When we think of Andy Warhol, we normally think of schlocky stock images becoming high art via the Pop prophet's zeal for the banal. So we were surprised to see the iconic artist's early works are completely devoid of bright hues or celebrity appearances.
For the first time, 300 drawings from the 1950s are on view at the Louisiana Museum of Modern Art in Denmark. The previously unreleased collection of works are loan by German gallery owner Daniel Blau, who obtained the works from the Andy Warhol Foundation for the Visual Arts.
"It was like someone opened a trunk of your favourite toys that you'd kept aside as a child and they were put in storage when you went to school and you'd never seen them since," Brau explained to the Guardian. "And then someone comes along 30 years later and says do you remember this? And it's, wow! Do I remember!"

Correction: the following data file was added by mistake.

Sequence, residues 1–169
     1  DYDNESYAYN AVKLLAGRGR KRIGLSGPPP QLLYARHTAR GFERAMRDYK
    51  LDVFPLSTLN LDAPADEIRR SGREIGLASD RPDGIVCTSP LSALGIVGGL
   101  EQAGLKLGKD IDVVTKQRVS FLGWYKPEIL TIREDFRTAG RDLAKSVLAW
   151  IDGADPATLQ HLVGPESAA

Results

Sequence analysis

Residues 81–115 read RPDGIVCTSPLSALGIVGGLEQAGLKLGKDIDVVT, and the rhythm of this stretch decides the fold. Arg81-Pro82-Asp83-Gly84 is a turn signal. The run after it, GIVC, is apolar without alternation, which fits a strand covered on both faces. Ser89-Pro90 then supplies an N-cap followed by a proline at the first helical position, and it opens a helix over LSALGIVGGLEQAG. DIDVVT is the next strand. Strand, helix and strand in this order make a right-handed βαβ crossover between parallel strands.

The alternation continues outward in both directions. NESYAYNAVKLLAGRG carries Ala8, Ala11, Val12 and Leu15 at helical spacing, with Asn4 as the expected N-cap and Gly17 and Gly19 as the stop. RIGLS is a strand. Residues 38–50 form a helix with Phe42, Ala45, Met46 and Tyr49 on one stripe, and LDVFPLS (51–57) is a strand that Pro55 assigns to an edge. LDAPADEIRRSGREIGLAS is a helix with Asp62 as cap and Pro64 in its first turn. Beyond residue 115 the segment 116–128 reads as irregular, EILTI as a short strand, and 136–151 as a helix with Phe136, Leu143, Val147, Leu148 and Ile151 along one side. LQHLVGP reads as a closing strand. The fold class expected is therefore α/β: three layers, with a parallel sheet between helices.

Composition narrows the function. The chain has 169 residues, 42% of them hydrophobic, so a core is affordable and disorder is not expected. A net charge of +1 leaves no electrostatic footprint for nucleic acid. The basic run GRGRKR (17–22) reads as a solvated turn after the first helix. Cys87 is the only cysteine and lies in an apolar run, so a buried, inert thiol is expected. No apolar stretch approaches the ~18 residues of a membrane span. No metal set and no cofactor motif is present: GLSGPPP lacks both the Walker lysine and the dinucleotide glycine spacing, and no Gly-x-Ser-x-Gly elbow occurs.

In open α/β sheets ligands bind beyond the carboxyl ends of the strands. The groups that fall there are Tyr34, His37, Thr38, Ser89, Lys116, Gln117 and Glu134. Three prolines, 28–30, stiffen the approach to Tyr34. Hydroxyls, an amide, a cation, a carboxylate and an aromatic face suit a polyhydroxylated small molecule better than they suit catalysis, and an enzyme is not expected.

The earnestly crafted line drawings channel Egon Schiele's delicate detail and Alex Katz's eye for style. While at first glance they appear nothing like the Warhol we know today, traces of his interest in the lives of the fabulous elite lurk in the flattened portraits below.
What do you think of Warhol's softer side? Can you believe this adept doodler went on to become the world's biggest seller at auction last year?
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